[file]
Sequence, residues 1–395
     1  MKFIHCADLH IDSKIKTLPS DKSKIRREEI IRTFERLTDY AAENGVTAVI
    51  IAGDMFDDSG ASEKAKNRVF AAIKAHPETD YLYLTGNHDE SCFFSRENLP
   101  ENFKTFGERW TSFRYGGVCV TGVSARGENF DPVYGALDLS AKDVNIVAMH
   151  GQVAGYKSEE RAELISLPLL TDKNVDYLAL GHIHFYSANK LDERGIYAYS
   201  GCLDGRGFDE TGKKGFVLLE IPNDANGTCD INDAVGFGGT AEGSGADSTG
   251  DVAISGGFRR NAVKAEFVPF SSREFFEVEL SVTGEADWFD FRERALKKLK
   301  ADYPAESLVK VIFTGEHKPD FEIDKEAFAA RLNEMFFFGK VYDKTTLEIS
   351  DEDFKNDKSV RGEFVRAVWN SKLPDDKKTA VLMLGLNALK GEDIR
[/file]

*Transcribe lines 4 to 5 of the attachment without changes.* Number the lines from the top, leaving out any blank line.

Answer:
   101  ENFKTFGERW TSFRYGGVCV TGVSARGENF DPVYGALDLS AKDVNIVAMH
   151  GQVAGYKSEE RAELISLPLL TDKNVDYLAL GHIHFYSANK LDERGIYAYS